Two weeks ago, Jon Stewart bid the The Daily Show farewell. Trevor Noah will host his first show on September 28. Therefore, there will be nearly two months when the 11:00 slot on Comedy Central has no new programming. So what should the network do to fill in the missing half-hour?
I thought Comedy Central did right when it moved At Midnight to the 11:30 slot for two weeks between the Colbert-to-Wilmore transition gap. However, Comedy Central seems to be taking a different, and wrong, approach in handling the hole Jon Stewart left. Rather than move The Nightly Show, or any new episode, to the 11:00 slot for one-and-a-half months, the network will air re-runs of Jon Stewart’s Daily Show until Trevor Noah’s term.
And these don’t appear to be classic episodes either, like the time when John Edwards announced his 2004 presidential campaign, the reveal of the Rally to Restore Sanity, or Jon’s relentless support of the 9/11 first responders. According to Zap2It‘s tv listing for Comedy Central, these are all episodes from the past season. These episodes weren’t chosen because they were classic, but because they were recent. These episodes could connect with viewers the most, and collect the most revenue.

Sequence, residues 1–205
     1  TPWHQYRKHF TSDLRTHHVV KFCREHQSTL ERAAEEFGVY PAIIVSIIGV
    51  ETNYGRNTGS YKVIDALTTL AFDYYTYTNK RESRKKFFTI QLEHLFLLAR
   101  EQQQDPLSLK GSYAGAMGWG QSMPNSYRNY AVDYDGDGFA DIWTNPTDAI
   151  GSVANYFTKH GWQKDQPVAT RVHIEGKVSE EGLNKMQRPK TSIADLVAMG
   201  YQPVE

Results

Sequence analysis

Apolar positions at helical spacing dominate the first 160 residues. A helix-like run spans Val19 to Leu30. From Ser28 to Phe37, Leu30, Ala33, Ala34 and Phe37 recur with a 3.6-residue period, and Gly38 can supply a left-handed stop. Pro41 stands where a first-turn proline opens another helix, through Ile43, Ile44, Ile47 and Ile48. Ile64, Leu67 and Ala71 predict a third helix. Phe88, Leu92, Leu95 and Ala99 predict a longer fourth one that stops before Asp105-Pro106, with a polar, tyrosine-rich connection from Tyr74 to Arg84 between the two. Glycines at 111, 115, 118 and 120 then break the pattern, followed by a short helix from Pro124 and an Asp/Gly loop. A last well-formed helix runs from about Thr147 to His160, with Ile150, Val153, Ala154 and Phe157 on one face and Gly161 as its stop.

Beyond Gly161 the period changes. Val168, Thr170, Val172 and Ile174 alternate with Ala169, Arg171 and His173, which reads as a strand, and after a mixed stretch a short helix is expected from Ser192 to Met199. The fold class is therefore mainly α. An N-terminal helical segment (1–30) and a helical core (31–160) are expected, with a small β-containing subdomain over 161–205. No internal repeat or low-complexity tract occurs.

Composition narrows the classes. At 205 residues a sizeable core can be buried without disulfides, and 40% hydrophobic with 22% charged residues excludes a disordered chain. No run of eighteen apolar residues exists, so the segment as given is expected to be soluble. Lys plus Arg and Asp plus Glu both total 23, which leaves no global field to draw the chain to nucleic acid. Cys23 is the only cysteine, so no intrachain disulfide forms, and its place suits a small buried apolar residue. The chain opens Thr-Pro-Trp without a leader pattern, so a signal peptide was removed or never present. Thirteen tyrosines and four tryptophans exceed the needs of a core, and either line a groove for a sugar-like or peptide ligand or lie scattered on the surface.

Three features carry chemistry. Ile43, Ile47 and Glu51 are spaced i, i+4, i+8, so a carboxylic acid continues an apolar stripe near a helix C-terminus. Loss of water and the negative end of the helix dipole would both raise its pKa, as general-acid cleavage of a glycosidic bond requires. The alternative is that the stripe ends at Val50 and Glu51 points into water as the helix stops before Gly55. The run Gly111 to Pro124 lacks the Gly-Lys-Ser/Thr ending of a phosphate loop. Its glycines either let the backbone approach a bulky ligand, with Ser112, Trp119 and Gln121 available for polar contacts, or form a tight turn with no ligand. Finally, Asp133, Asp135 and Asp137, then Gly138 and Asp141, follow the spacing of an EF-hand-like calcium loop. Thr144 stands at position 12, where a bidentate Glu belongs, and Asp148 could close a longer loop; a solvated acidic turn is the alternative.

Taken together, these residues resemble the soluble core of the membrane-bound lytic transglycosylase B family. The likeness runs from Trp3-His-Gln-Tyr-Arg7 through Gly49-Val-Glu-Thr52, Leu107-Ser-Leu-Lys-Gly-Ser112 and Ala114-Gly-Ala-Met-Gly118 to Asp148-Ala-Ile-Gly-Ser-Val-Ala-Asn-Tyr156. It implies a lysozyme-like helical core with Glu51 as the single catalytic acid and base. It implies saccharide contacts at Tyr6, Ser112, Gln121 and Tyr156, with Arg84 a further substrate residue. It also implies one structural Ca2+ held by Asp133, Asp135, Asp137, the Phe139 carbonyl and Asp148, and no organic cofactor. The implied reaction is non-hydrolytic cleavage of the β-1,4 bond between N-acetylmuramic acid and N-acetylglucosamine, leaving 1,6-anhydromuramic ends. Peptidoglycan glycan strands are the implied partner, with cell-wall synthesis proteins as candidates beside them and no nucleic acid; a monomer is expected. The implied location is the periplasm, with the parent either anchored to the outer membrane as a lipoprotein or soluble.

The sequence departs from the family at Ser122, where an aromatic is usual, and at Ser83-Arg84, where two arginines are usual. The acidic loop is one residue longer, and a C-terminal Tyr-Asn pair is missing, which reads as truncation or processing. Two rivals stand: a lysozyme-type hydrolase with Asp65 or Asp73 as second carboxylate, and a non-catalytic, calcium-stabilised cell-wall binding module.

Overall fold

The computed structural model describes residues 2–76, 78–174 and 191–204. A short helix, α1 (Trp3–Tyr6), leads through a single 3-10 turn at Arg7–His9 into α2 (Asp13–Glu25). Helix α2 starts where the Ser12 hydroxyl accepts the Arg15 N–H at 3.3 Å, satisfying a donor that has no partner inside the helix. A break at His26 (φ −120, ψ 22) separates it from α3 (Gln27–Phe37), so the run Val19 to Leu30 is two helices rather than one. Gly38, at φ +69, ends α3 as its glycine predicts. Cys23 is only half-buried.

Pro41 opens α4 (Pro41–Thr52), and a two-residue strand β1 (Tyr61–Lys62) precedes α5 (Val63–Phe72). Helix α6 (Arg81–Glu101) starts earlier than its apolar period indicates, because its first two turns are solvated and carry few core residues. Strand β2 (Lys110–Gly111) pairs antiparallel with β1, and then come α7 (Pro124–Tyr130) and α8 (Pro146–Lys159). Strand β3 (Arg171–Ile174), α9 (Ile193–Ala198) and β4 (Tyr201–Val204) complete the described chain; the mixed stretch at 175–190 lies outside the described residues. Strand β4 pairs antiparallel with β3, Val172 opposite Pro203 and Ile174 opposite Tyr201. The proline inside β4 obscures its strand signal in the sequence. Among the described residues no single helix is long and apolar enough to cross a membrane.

The issue with leaving The Daily Show like this in the 11:00 time-slot is that cuts into The Nightly Show‘s ability to grow a base. First, some viewers might go to bed before 11:30, and haven’t been able to catch original runs of Larry Wilmore. (Not all of us have DVRs or can stream episodes online). Second, if a viewer flipping through the channels sees that The Daily Show is merely a re-run, the viewer will likely turn to other late night programming, like Conan or Adult Swim.
Comedy Central isn’t the only network with this predicament. David Letterman said goodbye to The Late Show back in May, and Stephen Colbert takes the reins on September 8, 2015. CBS has used the vacated hour to air re-runs of its primetime dramas. The problem that CBS has is that it undercuts The Late Late Show with James Corden. For the same reasons as listed above, Corden does not have the ability to build as strong a fanbase with the situation that CBS has left him.
Comedy Central and CBS should move The Nightly Show and The Late Late Show, respectively, to earlier time-slots so that the programs have the ability to grown their audiences. By leaving them in their current positions, the networks are hindering Wilmore and Corden’s programs and will leave themselves with fewer viewers in the long run.